I shall continue with the misquoted Shakespeare line from the previous post ‘Music is my food of life … ‘…. play on’.
PD affects (amongst other things) tremor, dexterity and multi tasking. With that in mind and my new post diagnosis attitude, should I :
- (For comedic affect) enter the intercounty ‘jelly on a stick’ balancing competition
- (Or for a challenge) learn a musical instrument?
Both require co-ordination, a steady hand, dexterity and concentration. However with one you end up with sticky fingers, the other possibly a Certificate.
I have already established music is marvellous, the right kind has a positive affect on my symptoms*
*To be clear I am not unique; PD hasn’t turned my brain into a musical superpower. Everyone will get a boost when they listen to music they enjoy. If you have sufficient dopamine, I assume that the boost will make you happy. With PD sometimes it means improved walking, or (possibly as important) properly peeled potatoes.
On with the blog …
Music and learning new skills is good for the brain. So music plus learning, put them together and what have you got (apart from bibbidi-bobbidi-boo):
Music + Learning = Learn to play an instrument
Stop right there : Don’t worry I don’t intend this to turn into a ‘journey’ with an emotional arc, plinky plonky music and a bit of slo mo.
I had some piano lessons when I was young, but to be honest I was not totally committed (with my 8 year old diversion skills I managed to avoid a few lessons). However, things are different today with my new attitude and desire to learn.
My piano teacher was amazingly patient. During lessons the symptoms would appear and disappear unpredictably. The practice and lessons followed a similar pattern. Some good progress, a bit of bad playing, sometimes a bit of a cry (from me), and random interruptions from Flanrinsto (see ‘a day in the life’ post 7 for an explanation), and later interruptions from a new puppy (more about that later).
I soon found that something amazing happened when I put my hands on the piano keys. More often than not the tremor and rigidity stopped. In fact, when dexterity is rubbish, I can usually play scales smoothly with both hands simultaneously – you wouldn’t think there was anything wrong with either hand.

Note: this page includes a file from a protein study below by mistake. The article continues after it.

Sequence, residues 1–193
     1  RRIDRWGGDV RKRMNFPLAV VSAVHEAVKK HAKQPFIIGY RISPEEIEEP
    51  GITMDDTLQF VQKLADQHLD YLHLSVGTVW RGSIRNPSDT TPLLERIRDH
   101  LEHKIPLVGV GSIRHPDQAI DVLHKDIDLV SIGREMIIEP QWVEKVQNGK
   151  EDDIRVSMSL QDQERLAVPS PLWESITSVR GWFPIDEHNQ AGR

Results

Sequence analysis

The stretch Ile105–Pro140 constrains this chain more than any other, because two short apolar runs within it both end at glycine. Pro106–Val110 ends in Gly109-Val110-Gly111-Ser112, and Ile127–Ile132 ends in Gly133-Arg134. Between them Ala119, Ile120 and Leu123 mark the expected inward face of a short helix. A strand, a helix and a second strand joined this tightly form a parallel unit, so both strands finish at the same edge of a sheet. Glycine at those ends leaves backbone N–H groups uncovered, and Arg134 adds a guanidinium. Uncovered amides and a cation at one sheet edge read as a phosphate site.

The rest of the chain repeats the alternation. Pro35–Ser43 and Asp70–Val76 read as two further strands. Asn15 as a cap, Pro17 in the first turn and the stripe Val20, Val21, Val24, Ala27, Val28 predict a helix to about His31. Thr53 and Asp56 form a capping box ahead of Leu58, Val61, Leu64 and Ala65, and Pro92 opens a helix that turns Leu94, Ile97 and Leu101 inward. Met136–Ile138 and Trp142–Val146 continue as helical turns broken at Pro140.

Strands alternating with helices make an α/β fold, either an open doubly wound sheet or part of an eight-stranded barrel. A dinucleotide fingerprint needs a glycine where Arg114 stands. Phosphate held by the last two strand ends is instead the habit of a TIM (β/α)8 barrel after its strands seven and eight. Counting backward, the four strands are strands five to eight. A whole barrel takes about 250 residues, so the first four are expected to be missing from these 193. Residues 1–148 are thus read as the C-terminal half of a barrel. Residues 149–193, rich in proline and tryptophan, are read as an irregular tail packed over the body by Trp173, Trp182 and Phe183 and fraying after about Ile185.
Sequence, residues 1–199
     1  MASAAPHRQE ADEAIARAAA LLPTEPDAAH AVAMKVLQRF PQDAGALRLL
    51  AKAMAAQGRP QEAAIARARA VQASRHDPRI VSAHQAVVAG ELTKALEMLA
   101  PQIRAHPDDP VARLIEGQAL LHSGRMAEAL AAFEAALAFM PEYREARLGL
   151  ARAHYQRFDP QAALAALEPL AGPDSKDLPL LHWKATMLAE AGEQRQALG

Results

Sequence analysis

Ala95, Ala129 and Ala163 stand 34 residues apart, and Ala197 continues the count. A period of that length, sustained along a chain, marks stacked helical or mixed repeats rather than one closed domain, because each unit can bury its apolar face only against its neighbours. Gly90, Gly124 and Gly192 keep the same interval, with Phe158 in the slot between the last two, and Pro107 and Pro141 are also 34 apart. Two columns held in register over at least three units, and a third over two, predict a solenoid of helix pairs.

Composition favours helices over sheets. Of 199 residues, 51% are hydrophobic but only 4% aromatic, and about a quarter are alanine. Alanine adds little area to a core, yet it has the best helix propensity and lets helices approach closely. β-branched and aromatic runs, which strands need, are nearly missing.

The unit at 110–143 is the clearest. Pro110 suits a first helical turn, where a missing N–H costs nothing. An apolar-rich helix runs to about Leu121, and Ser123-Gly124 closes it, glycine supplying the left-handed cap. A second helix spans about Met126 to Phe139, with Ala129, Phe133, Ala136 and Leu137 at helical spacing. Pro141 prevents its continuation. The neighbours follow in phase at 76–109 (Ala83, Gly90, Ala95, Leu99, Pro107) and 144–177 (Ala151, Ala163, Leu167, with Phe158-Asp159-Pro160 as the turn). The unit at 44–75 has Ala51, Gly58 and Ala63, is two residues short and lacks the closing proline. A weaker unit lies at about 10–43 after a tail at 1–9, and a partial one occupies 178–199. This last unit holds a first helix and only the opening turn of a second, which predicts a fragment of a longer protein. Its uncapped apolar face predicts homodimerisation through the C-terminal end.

However if I become tired and/or stressed, symptoms will inevitably break through. So towards the end of the lessons my fingers may lock up, or if I got particularly frustrated then PD would break through.
I refer back to the section on stress (post 7) and avoiding it as much as possible. So what did I do next :
- Carry on learning for pleasure
- Or enter for my grade 1 piano exam?
As this is obviously now turning into one of those annoying ‘journey arcs’, then it had better be the latter.
So a piano exam, I obviously needed to limit stress and forward plan. My PD nurse wrote a letter stating that during the exam I would need chocolate, water and extra time. So a dopamine boost from the chocolate (yes really), a drink, and time to regroup if PD interfered.
Apologies this is the plinky plonky music/slo mo part …
The week before the exam, I randomly suggested that I play in the piano concert at my children’s school, where my piano teacher taught (I know, I know). One of my exam pieces was a duet, so I thought that was safest because at least my teacher would be with me, and in lessons it went quite well.
I will not beat about the bush, suffice to say :
- School hall
- About 40 parents and students
- Sat at the piano to play the duet with my teacher
- Fingers locked up and tremored
- I played nothing, she played something
- Stood up and bowed
- Went and sat down.
My exam was the following week, all I wanted now was a level playing field. I genuinely didn’t care if I failed. I just wanted to get through it without PD interfering. Again, a control thing, I was happy to fail as long as the fail was all my own work. If PD failed on my behalf it was double rubbish, no control and a fail.
The exam went like this :
- Walked in
- Sat down
- Played scales/pieces/sight reading/aural test
- Stood up
- Walked out
Chocolate, water and extra time weren’t required. Flanrinsto stayed in the corner eating jelly.
I passed with MERIT and have a beautiful certificate.
Now you may stand and clap.
Pre PD : I had thought I should really go back to piano, it would be nice to learn an instrument, I’ll do it one day. And get on with the dusting.
Post diagnosis : I have a dusty house (that is not a joke). PD makes me seize the day and appreciate what a great thing the brain and human body is. And to use it whilst I can.
This is all smashing but there was something missing.
‘The right kind of music’. With all due respect to grade 1 piano music composers, it is not my brain’s music of choice. So although good, it could be better.
So that got me thinking of a new mathematical equation :
(Music + Learning) x Loud Rock = Bass Guitar Lessons